Environments impacted by Sea Turtles:

Seagrass Beds

  • Main part of the Green Sea Turtle’s diet is comprised of feeding on seagrass beds. Their actions remove the more mature grasses which leads to seagrass regeneration. Seagrass beds are really flowering plants that spend their whole life underwater.
  • These feedings reduce the amount of nitrogen levels in the water. When seagrass decomposes, it uses dissolved oxygen which prevents light going to deeper waters and blocks the development of new ocean life.
  • Green Sea Turtles contribute to the ocean’s well-being with nurturing additional growth of the seagrasses and decrease build-up of slime molds.
  • Other types of ocean life such as fish and crustacean families are dependent on these seagrass beds. They provide an environment for reproduction and shelter for their early stages of growth.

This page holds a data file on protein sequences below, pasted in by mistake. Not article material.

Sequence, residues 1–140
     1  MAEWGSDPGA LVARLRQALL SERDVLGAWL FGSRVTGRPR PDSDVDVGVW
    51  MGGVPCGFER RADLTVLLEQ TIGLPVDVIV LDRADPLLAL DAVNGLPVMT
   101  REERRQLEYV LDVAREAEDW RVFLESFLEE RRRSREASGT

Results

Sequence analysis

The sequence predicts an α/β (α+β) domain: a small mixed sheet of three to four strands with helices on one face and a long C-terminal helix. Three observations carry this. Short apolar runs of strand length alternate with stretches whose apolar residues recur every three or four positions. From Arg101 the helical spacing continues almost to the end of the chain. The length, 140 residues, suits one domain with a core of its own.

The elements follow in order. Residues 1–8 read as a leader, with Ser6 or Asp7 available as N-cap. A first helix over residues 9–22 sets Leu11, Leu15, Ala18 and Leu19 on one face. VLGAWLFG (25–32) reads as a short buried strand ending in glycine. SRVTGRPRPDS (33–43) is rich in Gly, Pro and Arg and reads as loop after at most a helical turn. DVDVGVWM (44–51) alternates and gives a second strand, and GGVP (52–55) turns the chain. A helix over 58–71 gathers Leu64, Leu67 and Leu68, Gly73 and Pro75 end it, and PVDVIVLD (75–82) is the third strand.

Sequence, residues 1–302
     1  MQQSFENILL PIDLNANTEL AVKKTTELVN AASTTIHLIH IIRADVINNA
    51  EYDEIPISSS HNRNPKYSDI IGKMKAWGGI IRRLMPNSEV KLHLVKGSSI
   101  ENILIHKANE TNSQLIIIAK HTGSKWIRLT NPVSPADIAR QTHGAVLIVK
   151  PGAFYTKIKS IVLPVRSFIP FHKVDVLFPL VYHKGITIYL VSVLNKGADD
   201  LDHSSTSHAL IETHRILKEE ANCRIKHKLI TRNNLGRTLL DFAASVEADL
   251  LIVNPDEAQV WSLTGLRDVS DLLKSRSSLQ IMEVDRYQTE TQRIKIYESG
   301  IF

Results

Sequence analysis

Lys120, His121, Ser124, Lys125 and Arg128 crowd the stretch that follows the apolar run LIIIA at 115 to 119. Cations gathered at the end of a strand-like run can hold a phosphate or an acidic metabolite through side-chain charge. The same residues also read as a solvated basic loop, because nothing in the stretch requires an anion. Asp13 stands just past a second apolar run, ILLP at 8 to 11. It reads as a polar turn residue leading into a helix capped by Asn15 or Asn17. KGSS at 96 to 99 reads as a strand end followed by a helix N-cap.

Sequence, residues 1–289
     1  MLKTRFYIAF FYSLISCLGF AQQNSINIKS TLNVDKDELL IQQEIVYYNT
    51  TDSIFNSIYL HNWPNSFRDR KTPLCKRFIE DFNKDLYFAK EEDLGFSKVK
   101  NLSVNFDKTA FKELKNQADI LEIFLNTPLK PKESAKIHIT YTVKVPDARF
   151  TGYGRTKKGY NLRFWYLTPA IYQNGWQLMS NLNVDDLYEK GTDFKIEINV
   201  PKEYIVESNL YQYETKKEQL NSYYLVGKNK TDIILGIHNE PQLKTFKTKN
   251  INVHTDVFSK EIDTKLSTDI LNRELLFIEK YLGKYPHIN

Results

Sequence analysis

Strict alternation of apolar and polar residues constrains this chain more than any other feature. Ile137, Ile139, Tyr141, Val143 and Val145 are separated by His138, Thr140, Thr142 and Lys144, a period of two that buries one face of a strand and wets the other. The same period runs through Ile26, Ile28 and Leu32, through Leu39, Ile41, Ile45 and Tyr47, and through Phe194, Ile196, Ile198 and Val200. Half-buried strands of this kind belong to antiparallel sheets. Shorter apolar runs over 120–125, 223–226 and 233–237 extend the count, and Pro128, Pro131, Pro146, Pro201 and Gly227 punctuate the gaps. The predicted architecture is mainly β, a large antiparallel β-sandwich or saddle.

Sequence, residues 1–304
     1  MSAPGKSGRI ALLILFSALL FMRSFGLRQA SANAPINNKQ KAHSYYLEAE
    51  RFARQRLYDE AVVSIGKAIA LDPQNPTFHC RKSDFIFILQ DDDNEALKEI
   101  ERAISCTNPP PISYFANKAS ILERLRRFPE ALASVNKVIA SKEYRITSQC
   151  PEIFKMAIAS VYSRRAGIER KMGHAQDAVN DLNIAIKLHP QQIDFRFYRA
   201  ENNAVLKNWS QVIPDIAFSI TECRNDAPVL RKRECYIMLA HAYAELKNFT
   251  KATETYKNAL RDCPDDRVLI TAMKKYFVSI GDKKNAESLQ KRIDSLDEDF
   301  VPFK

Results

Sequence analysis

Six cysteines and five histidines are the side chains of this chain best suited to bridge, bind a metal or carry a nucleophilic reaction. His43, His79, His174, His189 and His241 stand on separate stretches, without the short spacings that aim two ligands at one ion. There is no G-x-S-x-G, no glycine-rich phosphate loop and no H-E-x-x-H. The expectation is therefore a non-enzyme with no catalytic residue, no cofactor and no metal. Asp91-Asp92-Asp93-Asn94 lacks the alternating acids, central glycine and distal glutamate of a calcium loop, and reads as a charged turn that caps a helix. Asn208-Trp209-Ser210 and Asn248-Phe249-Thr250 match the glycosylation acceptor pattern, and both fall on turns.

Coral Reefs

  • Coral reefs are an underwater ecosystem that are formed with reef-building corals. Hawksbill Sea Turtles grasp the marine sponges with their beak-like shaped mouths to remove them.
  • By creating an environment for other species to inhabit these new areas, such as shrimp, lobster and tuna. The marine sponges are taken away, the coral reefs are able to begin the creation process for new development of coral.
  • Instant food source becomes available when the sponges are being harvested by the turtles, due to the opening up of the interior surface of the sponges.
  • Hawksbill Sea turtles are positively contributing to increasing the amount of varieties of oceanlife within the reef populations.

Beach Dunes

  • Beach dunes provide shelter for inland areas, within these protected areas sea turtles lay their eggs. The unhatched eggs contain essential nutrients that transfer to nearby vegetation and small organisms that live on shore.
  • Beach dunes have limitations to store these nutrients, unhatched sea turtle’s eggs are able to transfer their nutritional value both vegetation and root systems.
  • Seaturtle’s eggs also offer animals another food source. The animal’s droppings merge back into the beach dunes for continuous distribution resulting in equilibrium in the habitat.